This is why indoor air quality solutions could also bring long-term benefits to those working in the live music industry. The case for investing in innovation grows even stronger when it comes to considering those working and performing in smaller spaces such as sound and lighting booths and recording studios where air quality and circulation is poor. When it comes to live events, those such as organisers, managers, technicians, bar staff and musicians themselves who spend much of their working days in indoor spaces would no doubt be helped by the monitoring and filtering of dirty indoor air. Innovation can drastically change the future of air quality in live music, and even now at OKTOair we have the capabilities to disinfect the air in spaces, chemical and ozone free, ranging from 500 square feet to one million square feet, offering concertgoers ultimate protection and peace of mind.

There are a number of reasons for the live music industry to turn its eye to innovative technology designed to clean up indoor air. Not least will it help live music bounce back in the safest way possible, giving confidence to consumers and venues alike, it will also help ensure that those integral to the backbone of culture can work in safe, clean spaces designed for the future.

Philip Dowds is managing director of OKTO Technologies.

Report: UK festivals use 380m litres of diesel a year

A recent report has revealed the public health impact of the UK festival and events industry, detailing the level of diesel emissions and carbon dioxide equivalent (CO2e) produced by events each year.

Environmental sustainability management company Hope Solutions and power management specialists ZAP Concepts worked together with event industry professionals to produce the report in the run up to this year’s air pollution-focused World Environment Day on 5 June.

“Our findings show event sites in green spaces have worse air quality than inner-city areas, indicating a huge hidden contributor to the growing public health epidemic from air pollution,” says Hope Solutions director Luke Howell.

“We are releasing this report to open up the conversation with the industry to effect positive and practical change without diminishing customer experience. For the organisers, every litre of diesel not used is saving money and contributing to the fight against climate change.”

The emissions from the 380m litres of diesels used to power events release 1.2m tonnes of carbon dioxide equivalent, the unit used to express the impact of each greenhouse gas in relation to CO2. This is approximately the same level of emissions as the European island country of Malta releases per year.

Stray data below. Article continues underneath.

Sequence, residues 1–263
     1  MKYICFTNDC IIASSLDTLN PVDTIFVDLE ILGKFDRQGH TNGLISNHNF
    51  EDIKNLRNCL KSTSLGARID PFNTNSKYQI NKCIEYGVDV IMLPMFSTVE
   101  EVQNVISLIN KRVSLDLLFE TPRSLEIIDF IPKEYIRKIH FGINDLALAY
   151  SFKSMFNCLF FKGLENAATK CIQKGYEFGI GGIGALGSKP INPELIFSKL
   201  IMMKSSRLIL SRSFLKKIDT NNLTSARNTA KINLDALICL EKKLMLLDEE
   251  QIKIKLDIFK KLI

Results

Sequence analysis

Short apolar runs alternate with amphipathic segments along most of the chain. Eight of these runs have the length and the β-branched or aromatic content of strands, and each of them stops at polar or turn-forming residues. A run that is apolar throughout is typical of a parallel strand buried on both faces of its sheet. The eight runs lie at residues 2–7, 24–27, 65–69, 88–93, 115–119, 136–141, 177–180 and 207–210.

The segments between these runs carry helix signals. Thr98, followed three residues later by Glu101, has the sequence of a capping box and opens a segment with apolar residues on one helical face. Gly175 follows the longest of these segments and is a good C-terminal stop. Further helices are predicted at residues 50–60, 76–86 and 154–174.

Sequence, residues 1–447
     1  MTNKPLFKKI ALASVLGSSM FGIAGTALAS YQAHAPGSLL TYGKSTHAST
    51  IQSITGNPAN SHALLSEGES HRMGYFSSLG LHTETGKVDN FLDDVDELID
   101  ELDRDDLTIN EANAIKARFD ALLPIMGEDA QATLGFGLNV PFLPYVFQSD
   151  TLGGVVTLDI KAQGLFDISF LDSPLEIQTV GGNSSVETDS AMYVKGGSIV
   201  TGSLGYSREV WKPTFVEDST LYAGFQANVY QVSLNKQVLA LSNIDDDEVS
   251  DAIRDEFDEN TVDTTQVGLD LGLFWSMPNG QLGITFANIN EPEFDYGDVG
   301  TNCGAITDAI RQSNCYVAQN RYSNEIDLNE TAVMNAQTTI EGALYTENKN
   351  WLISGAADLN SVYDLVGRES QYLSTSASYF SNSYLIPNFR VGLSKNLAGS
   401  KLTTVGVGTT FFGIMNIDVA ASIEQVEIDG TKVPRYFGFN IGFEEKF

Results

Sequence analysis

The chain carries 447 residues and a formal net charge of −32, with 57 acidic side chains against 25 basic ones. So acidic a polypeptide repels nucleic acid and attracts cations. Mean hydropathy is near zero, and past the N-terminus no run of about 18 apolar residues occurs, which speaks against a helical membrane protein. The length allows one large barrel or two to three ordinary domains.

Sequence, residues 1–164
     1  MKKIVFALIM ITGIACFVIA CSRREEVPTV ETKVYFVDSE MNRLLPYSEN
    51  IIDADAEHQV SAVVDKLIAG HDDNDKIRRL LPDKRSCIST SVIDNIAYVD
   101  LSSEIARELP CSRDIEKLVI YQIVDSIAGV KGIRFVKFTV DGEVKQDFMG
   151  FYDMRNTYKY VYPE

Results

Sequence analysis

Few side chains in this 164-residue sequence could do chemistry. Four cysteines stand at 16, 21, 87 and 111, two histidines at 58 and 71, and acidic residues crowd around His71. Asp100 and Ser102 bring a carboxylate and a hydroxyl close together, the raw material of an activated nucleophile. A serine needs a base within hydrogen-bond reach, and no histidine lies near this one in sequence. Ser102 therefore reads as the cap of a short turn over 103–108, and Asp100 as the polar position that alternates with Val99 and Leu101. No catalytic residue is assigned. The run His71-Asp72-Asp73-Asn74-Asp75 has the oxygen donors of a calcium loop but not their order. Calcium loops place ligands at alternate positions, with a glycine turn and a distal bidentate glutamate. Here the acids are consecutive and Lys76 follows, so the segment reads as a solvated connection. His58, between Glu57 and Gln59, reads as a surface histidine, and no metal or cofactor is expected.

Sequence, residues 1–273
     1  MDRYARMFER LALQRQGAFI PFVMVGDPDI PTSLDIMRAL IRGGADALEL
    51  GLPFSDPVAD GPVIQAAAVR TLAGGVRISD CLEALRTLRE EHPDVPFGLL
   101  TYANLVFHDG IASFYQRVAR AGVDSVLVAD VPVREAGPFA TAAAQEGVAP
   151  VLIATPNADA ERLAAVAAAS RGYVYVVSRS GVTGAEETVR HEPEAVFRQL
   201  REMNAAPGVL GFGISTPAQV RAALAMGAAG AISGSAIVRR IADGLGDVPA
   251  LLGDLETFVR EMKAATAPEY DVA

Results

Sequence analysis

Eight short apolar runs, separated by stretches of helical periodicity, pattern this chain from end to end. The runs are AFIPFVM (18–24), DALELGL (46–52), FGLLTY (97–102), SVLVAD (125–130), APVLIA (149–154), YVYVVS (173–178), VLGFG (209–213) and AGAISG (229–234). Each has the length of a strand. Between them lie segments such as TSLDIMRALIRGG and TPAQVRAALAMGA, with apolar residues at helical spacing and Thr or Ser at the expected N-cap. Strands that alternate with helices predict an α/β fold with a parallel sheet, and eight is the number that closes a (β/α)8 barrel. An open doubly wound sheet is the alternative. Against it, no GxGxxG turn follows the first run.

The environmental impact of the diesel emissions is equivalent to adding 220,000 additional cars to the roads every day.

“The show must go on but it could go on in a far more sustainable manner, without risking people’s health and without risking the planet”

The report suggests that diesel consumption could be reduced by up to 40% on average at each event, with some being able to avoid diesel use altogether through renewables and hybrid battery technologies.

Using mains or grid power can also negate the need for generators but, states the report, is often overlooked and under utilised, especially in urban areas.

The use of more efficient generators would also help to reduce emissions. Monitoring shows that diesel generators are often running well under full capacity, with efficiency ratings of between 10 and 20%.

ZAP Concepts UK head of operations, Rob Scully, says that events could reduce consumption “without risking any loss of power, any blackouts or any detrimental effect on the quality of the events.”

Scully states that “Venue managers and event managers should take professional advice in order to properly direct their power contractor and ensure that available power is matched to actual demand and where possible introduce renewables and other alternatives.

“The show must go on but it could go on in a far more sustainable manner, without risking people’s health and without risking the planet.”

The report draws on data collected by A Greener Festival, Julie’s Bicycle and Powerful Thinking, as well as 20 million data points of electronic monitoring, analysed by ZAP. The full report is available to read online here.